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Using new with an array of constant length arrays

This is a discussion on Using new with an array of constant length arrays within the C++ Programming forums, part of the General Programming Boards category; I'm having trouble getting to grips with the syntax of new in c++. I come from a C background. The ...

  1. #1
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    Using new with an array of constant length arrays

    I'm having trouble getting to grips with the syntax of new in c++. I come from a C background.

    The thing is I have a an array

    Code:
    float (*arr)[3]
    so a pointer to an array of 3 floats. I now wish to allocate memory to the pointer arr so that it can hold an array of float-triples. I know I could do it by making arr of type float ** instead and then allocate in a loop, but since I know the length of each element there must be an easier way that clearly shows my intention.

    I tried with

    Code:
    arr=new float[3] [N]
    but this refuses to compile.
    Last edited by cppfreak; 06-21-2011 at 05:16 AM.

  2. #2
    C++ Witch laserlight's Avatar
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    With your C background, you should have known that arr is an array of 3 pointers to float, not a pointer.
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    Create a struct instead. Or even a class with overloaded [] operator. Or just use std::array.
    I never put signature, but I decided to make an exception.

  4. #4
    Algorithm Dissector iMalc's Avatar
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    If you just want a pointer to an array of 3 floats then you don't specify the size in the declaration. You just declare a pointer and specify the size where you do allocation.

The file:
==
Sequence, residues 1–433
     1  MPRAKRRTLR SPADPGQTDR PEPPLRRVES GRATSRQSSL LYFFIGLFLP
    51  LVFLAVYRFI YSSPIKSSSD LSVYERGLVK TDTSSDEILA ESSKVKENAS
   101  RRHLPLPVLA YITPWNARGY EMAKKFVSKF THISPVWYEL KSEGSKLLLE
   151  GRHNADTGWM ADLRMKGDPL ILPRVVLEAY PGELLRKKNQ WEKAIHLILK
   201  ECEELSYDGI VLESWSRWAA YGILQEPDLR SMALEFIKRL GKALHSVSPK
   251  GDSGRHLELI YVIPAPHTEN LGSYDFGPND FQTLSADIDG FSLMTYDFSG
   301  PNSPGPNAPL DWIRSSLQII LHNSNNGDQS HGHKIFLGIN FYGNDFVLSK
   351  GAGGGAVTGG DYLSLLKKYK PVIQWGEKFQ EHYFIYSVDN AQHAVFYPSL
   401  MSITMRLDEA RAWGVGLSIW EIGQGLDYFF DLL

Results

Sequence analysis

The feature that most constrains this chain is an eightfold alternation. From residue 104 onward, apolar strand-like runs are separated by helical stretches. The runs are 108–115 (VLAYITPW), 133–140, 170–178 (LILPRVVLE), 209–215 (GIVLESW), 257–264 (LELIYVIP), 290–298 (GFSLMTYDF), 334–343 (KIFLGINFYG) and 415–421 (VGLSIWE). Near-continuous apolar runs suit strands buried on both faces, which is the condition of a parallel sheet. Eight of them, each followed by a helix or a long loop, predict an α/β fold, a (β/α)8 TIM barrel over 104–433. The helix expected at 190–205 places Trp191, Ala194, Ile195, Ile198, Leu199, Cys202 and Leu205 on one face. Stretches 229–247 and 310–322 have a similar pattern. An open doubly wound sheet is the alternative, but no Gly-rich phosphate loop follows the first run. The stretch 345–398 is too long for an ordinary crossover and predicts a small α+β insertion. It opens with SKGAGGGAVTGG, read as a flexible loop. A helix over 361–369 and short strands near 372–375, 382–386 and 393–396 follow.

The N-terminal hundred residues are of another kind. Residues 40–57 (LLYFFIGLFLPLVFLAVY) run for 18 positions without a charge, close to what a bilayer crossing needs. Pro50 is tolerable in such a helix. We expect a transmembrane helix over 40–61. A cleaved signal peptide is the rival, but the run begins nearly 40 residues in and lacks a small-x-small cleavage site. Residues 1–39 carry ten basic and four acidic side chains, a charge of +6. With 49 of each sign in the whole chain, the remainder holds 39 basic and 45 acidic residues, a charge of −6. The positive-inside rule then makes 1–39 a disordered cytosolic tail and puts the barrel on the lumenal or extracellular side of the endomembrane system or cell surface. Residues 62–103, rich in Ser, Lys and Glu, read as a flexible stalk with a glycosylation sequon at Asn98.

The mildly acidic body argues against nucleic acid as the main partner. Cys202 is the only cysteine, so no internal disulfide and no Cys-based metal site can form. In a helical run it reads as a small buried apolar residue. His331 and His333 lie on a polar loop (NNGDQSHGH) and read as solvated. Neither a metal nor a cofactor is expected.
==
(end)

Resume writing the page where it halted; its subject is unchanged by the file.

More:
In C you'd do:
    Code:
    float *arr = malloc(sizeof(float) * 3);
    and in C++:
    Code:
    float *arr = new float[3];
    It is unusual to allocate such a small fixed-size buffer in real-world code however, you'd typically declare a local array, or just use a std::vector.
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    Last edited by iMalc; 06-21-2011 at 03:48 AM.
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    Quote Originally Posted by iMalc View Post
    If you just want a pointer to an array of 3 floats then you don't specify the size in the declaration.
    What he actually wants to achieve is:
    an array of float-triples
    Like:
    Code:
    std::vector< std::array<float, 3> >
    I never put signature, but I decided to make an exception.

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    As Laserlight pointed out there was indeed a mistake in the first post, I have corrected it now (happens when you are in a hurry).

    Thank you for your answers. I fond that using

    Code:
    arr=new float[N] [3]
    seems to do what I want. The suggestion to use std::vector and std::array seems very interesting as well, but I have to interface with some C libraries so I need to be able access the data as an C array of float-triples. Is it possible to access the underlying consecutive memory block as a normal C array by making a vector of std::arrays (or a std::array of std::arrays)?
    Salem likes this.

  7. #7
    and the hat of wrongness Salem's Avatar
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    You got the sizes in the wrong order when you called new.
    Code:
        float   (*arr)[3];
        arr = new float[10][3];
        delete [ ] arr;
    Edit:
    Heh, looks like you figured it out
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    Indeed The syntax seems a bit backwards to me however. I figured the syntax was "new type amount", and since the type I want is float[3] and the amount is N I seemed to get it wrong.

  9. #9
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    Quote Originally Posted by cppfreak View Post
    Is it possible to access the underlying consecutive memory block as a normal C array by making a vector of std::arrays (or a std::array of std::arrays)?
    Vector and Array are contiguous in memory and you can obtain address of the first element with: &vec[0] or &arr[0], although I am not sure if this is guaranted for 2 dimensions (I do not know whether std::array is allowed to hold additional information), like:
    Code:
    std::vector< std::array<float, 3> > vec;
    
    &vec[0][0] + 3 == &vec[1][0] // satisfied?
    I never put signature, but I decided to make an exception.

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